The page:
When then do you feel like a character comes together and feels fully defined?
I kind of know. I mean, there was a lot of wiggle room to go a little funnier, a little darker. There was more room for emotion, so we played with my character. He's a much more real day-to-day guy; he's not so absurd or ridiculous. We had a little wiggle room, so we would err towards funnier or darker or more emotional, and then you trim that.
At this point, do you feel like you have any creative constraints or limitations in terms of filmmakers' or audiences' perception of you?
I think the audience is willing to go with you anywhere and everywhere. I think it's the studios that are more limiting in their view and perspective of performers, and of audiences. Because I'm here at Comic-Con, and it seems to me that the make-up of the nerd-dom is pretty largely ethnic -- I mean, the majority of these great nerds here are Latin, black and Asian -- so I don't know what audience they're talking to sometimes when they cast these movies. But I don't see enough people of color, and definitely not enough Latin people.
That brings up an interesting question --
That's my job. To stimulate. [Laughs]
In "Turbo," two Latin actors play taco truck purveyors. I don't have any judgment of them, but where do you think the boundary lies between playing a character and reinforcing a potential stereotype?
I think you have to draw a line. I think you have to at some point be a risk-taker and go, "No, I don't want to do that." I think we've evolved to a certain place where we can change the images and let somebody else take it who really needs a job. [Laughs] But you do have to take risks, financial risks, and you have to say, "I'm not going to do that."
Do you have a specific threshold?
I think there are lots of offensive images, and I agree, and I think movies are really important to how people see certain groups of people, and see certain issues. I think films are lot more important than you think in some ways -- especially when there's limited access to, well, let me just speak for Latin people, the Latin image has to be guarded and protected. Because there's not enough product out there representing us, and there should be. We're like the highest moviegoers in America, in minorities, anyway. I think we go three or four times to see a movie, and we go in large family groups.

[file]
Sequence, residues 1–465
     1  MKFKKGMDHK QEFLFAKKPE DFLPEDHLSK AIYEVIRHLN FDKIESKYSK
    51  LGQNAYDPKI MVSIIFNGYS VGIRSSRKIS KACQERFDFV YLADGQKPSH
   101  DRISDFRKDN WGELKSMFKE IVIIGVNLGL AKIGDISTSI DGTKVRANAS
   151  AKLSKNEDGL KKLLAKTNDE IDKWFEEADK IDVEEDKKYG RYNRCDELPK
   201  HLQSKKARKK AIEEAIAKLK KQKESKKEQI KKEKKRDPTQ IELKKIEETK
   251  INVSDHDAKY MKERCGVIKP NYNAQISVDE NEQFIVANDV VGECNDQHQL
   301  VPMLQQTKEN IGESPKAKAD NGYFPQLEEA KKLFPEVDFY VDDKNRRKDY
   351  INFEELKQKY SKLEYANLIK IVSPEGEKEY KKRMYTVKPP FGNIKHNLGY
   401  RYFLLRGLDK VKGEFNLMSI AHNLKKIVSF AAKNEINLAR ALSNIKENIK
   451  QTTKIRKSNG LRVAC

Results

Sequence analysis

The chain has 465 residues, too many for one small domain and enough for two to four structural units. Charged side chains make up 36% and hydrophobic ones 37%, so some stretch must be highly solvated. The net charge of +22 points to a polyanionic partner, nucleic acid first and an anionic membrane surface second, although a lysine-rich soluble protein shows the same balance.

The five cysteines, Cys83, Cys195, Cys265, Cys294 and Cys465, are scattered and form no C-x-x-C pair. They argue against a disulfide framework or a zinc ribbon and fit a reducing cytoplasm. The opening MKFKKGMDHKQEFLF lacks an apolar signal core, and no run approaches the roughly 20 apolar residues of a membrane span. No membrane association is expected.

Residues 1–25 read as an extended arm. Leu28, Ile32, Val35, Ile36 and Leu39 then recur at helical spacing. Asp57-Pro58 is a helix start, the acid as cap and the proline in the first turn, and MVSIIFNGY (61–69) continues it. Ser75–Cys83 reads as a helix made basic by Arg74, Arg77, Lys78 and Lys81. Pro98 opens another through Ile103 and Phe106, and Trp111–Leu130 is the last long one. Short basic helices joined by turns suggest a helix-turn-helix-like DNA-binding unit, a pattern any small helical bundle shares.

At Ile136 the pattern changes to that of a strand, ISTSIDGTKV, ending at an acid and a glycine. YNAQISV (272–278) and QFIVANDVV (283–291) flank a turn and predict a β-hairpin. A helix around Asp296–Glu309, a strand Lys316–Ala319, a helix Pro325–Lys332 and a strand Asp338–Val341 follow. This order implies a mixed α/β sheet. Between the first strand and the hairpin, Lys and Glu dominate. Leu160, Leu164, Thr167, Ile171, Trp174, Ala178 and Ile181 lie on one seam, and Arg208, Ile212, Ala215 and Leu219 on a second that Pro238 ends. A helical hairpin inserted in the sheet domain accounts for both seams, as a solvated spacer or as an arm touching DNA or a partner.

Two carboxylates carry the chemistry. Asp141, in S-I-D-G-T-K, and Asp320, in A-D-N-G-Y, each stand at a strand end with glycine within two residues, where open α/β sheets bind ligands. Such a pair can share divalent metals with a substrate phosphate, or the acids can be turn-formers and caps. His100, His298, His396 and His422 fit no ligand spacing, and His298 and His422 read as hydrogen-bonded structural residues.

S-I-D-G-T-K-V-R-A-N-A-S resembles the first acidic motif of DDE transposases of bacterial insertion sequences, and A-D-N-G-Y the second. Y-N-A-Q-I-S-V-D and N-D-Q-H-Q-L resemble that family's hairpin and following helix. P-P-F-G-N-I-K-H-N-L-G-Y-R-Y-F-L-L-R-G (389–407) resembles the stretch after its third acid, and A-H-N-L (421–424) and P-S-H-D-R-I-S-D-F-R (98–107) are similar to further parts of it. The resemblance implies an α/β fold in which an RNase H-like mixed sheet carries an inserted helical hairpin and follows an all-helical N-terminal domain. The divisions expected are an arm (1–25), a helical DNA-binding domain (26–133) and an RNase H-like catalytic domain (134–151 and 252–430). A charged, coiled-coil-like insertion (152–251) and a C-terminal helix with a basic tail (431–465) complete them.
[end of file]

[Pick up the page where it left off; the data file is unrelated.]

In that case, how frequently are you offered or do you pursue roles where a character is defined by his ethnicity?
Of course I'm still bound by that, because I've always portrayed myself as a Latin man, and I don't shy away from it. And Hollywood is writing very dumb, demeaning Latin roles; they're getting better, and there have been a lot of improvements, like Benicio del Toro in "The Wolfman," and Demian Bichir in "The Bridge."
So at this point, what kind of roles are you looking for?
Well, I'm trying to create a great series on TV. It's my own stamp. I can't say where it is because I haven't closed the deal yet, but yeah, I'm going to try to do my own thing. My own point of view. Cable is going to give me that opportunity, so I'm pretty excited about that. It's the golden age of cable TV, and that's where the most interesting stories in acting and directing and writing is coming from.
"Kick-Ass 2" is in theaters now.